The squire, though taken aback, demanded: “And I suppose ye have the money ready to douse on pay day?”
Hennion sniggered. “Yer won’t be hard, thet I know, squire. I reckon yer’ll go easy on me.”
“If ye think I’m going to spare ye on account of Phil ye are mightily out. I’ll foreclose the moment each falls due, that I warn ye.”
“Haow kin yer foreclose whin theer ain’t no courts?”
“Pish!” snapped the creditor. “’T is purely temporary; within a twelve-month there’ll be law enough. Think ye England is sleeping?”
“We’ll see, we’ll see,” retorted Hennion. “In the meantime, squire, I hope yer won’t wont because I don’t pay interest. Times is thet onsettled thet yer kain’t sell craps naw nothin,’ an’ ready money ’s pretty hard ter come by.”
“Not I,” rejoined the squire. “’T will enable me to foreclose all the quicker.”
“When theer ’s courts ter foreclose,” replied Hennion, grinning suggestively. With this parting shot, he left the house and rode away.
On the same day this interview occurred, another took place in the Craigie House in Cambridge, then occupied as the headquarters of General Washington. The commander-in-chief was sitting in his room, busily engaged in writing, when an orderly entered and announced that a man who claimed to have important business, which he refused to communicate except to the general, desired word with him. The stranger was promptly ushered in, and stood revealed as a fairly tall, well-shaped young fellow, clad in coarse clothing, with a well-made wig of much better quality, which fitted him so ill as to suggest that it was never made for his head.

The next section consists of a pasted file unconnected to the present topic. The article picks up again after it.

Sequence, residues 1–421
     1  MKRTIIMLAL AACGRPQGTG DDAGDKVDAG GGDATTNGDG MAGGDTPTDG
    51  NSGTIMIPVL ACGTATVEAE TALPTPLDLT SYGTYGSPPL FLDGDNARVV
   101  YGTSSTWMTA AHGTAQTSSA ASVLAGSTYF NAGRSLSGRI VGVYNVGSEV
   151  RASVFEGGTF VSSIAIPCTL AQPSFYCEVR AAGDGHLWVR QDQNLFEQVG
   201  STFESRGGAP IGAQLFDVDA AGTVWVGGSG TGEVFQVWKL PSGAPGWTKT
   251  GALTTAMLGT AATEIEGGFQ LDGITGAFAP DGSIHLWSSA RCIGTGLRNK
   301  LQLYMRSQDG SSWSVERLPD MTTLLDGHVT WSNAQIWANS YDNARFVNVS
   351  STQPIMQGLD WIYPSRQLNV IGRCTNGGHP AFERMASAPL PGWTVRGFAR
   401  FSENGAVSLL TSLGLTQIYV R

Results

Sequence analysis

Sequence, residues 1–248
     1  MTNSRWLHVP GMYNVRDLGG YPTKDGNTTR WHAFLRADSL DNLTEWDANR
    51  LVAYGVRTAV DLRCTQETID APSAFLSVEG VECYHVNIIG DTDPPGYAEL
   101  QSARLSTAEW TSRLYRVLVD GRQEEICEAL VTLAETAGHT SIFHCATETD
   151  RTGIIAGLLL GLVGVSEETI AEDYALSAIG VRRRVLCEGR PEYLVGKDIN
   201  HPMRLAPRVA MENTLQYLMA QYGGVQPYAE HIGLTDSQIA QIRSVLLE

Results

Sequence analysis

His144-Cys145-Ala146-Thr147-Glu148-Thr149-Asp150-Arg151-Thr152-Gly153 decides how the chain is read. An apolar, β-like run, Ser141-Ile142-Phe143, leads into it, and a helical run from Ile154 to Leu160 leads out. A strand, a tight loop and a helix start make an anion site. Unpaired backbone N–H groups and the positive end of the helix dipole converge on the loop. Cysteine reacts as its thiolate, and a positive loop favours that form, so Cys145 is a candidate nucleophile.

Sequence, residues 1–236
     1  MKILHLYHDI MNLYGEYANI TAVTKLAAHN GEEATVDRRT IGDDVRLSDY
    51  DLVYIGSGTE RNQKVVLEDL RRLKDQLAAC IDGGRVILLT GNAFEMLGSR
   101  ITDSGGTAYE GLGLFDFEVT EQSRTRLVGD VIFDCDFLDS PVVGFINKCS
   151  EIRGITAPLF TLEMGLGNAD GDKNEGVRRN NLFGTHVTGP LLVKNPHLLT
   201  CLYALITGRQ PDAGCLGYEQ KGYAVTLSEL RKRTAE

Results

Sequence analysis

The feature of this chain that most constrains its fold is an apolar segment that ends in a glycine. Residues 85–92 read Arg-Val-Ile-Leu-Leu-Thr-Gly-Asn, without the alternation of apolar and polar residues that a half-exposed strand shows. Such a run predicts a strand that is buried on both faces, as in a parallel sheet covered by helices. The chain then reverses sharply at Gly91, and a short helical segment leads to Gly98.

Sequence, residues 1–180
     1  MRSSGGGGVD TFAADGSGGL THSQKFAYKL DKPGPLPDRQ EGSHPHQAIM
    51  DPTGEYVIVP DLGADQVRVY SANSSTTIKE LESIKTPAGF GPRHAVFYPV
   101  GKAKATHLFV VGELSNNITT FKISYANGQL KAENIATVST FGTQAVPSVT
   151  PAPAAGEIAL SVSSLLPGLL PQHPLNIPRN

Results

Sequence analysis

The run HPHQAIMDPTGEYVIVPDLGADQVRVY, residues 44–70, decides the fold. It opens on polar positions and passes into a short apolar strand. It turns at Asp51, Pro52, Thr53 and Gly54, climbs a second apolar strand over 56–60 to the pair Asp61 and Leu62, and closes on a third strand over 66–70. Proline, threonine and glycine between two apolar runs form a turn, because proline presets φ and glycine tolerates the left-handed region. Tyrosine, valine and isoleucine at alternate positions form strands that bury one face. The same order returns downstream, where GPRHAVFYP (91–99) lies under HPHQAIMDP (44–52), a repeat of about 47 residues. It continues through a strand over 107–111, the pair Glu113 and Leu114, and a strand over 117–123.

“I understand your Excellency is in dire need of powder,” he said as he saluted.
A stern look came upon Washington’s face. “Who are you, and how heard you that?” he demanded.
“My name is John Brereton. How I heard of your want was in a manner that needs not to be told, as—”
“Tell you shall,” exclaimed Washington, warmly. “The fact was known to none but the general officers and to the powder committee, and if there has been unguarded or unfaithful speech it shall be traced to its source.”
“Your Excellency wrote a letter to the committee of Middlesex County in Jersey?”
“The committee refused to part with the powder.”
Washington rose. “Have they no public spirit, no consideration of our desperate plight?” he exclaimed.
“But your Excellency, though the committee would not part with the powder, some lads of spirit would not see you want for it, and—and by united effort we succeeded in getting and bringing to Cambridge twenty half-barrels of powder, which is now outside, subject to your orders.”
With an exclamation mingling disbelief and hope, the commander sprang to the window. A glance took in the two carts loaded with kegs, and he turned, his face lighted with emotion.